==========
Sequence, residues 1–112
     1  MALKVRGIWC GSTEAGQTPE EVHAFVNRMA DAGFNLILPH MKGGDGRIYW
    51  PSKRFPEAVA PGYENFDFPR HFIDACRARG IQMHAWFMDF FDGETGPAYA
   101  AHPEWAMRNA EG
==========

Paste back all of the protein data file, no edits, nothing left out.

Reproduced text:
Sequence, residues 1–112
     1  MALKVRGIWC GSTEAGQTPE EVHAFVNRMA DAGFNLILPH MKGGDGRIYW
    51  PSKRFPEAVA PGYENFDFPR HFIDACRARG IQMHAWFMDF FDGETGPAYA
   101  AHPEWAMRNA EG